Students performed in front of a packed house on Wednesday night as the Paul J. Gelinas Theater Company presented Pickin’, a play on the damaging effects of bullying, part of a broader effort to address bullying in the Three Village Central School District.
The play portrayed students dealing with different aspects of bullying, including the bullies themselves, the victims, as well as witnesses to it. Based on student reactions, the play sent a clear message.
“The play was really sad," said sixth grader Emily Cabrera. "It taught me that bullying could lead to very, very serious stuff."
Seventh grader Jonathan Gruberg agreed, saying, "It taught me never to pick on someone because sometimes bad things can happen."
The school district has begun addressing these issues through assemblies, awareness programs, and school policies as a new law requiring schools to do so looms on the horizon. New York State's Dignity for all Students Act, set to take effect in July of 2012, will require public schools to create educational environments free of harassment and intimidation as well as incorporate lessons on diversity and sensitivity into the curriculum, according to the New York Civil Liberties Union.
School districts will be required to report bullying incidents to the state, and at least one employee from each school will become a trained specialist in identifying and preventing bullying and harassment. Schools will also be required to have a formal code addressing bullying. Three Village administrators have, in the past, in the district.
“One of the things we try to do is increase awareness as to what bullying is,” said Tony Santana, Gelinas assistant principal. “There’s a huge, wide spectrum of the types of activities or behaviors that we associate with bullying. What we try to do here is foster conscientious citizens to look out for each other. And I don’t think any child should walk around with anxiety because someone is going to make some sort of hurtful comment.”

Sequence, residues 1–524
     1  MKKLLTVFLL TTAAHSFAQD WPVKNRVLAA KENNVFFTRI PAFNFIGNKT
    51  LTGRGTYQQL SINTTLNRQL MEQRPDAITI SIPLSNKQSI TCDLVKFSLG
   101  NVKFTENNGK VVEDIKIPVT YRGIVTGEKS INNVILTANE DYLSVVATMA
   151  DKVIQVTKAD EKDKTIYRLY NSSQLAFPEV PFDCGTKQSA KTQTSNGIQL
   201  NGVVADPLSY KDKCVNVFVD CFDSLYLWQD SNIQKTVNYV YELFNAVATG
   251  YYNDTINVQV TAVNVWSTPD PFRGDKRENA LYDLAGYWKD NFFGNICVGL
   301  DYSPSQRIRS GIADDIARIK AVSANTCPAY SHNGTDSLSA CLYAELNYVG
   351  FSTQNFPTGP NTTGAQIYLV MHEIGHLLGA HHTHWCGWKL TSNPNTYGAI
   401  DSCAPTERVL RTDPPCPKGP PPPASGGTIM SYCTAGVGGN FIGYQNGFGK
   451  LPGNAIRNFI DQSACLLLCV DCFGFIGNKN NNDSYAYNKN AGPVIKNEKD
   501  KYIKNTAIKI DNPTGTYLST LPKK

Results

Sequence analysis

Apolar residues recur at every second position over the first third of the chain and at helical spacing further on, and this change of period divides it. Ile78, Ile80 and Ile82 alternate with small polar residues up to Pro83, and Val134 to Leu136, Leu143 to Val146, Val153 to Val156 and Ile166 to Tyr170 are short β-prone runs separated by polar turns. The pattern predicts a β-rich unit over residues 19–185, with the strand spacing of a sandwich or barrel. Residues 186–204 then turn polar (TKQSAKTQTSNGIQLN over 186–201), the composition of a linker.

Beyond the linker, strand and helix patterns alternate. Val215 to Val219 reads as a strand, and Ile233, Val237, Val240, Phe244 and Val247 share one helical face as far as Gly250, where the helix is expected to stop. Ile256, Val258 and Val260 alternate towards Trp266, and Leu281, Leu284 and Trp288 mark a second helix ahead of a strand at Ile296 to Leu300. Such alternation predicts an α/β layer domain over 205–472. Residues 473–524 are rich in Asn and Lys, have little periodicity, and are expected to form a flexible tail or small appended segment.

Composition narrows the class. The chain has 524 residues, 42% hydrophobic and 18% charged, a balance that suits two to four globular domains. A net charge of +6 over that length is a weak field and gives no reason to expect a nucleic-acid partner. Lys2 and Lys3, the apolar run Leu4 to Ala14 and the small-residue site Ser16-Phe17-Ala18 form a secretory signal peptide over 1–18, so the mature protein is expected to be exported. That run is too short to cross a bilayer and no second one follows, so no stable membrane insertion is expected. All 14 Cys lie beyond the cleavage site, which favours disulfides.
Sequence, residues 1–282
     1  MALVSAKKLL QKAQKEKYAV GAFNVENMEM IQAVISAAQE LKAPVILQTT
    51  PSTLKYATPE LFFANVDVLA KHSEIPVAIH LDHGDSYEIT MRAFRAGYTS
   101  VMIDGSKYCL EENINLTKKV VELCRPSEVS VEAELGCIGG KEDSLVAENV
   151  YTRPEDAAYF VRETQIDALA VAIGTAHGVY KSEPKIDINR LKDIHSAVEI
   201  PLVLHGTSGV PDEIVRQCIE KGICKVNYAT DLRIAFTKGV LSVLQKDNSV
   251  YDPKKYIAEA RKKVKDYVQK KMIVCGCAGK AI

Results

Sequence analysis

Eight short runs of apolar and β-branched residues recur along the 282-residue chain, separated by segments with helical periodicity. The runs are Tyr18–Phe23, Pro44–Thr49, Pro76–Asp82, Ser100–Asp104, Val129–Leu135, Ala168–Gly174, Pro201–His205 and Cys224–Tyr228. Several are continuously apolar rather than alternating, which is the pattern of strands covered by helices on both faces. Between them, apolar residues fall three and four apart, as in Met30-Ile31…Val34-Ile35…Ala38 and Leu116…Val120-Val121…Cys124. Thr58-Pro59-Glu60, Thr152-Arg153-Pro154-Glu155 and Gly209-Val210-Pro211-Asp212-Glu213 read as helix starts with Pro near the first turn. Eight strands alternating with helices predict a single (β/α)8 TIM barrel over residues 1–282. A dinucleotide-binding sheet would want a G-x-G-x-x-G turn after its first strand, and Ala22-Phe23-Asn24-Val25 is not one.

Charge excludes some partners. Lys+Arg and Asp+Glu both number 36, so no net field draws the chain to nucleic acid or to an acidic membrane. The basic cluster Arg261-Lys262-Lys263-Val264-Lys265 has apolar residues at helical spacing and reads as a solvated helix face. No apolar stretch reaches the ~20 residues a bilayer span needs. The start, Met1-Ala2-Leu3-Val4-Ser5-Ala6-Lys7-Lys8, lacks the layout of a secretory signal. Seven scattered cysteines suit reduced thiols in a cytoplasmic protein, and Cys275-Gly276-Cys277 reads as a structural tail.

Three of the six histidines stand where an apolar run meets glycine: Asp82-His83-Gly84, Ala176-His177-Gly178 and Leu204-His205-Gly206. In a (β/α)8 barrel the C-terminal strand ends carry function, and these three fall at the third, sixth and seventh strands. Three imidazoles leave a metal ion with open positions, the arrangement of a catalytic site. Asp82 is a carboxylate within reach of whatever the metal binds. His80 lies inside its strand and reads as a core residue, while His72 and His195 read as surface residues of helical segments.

On Wednesday, listed on the playbill were the numbers of numerous organizations that children can reach out to if they need help, know someone who needs help, or have any questions.
Debra Johnston, the school social worker, said she thought the play enlightened the children and gave them options for what they can do to handle bullying.
“It’s educational, it’s preventive, and also I think it works better when their peers are doing it as opposed to another theater group or just adults, it’s more meaningful,” Johnston said.
Parents were also in attendance alongside the children.
“I thought it was good,” said one parent, Pam Avella. “The students that see it are seeing their fellow friends up on stage and hopefully it’s starting some conversation and some awareness throughout the day. “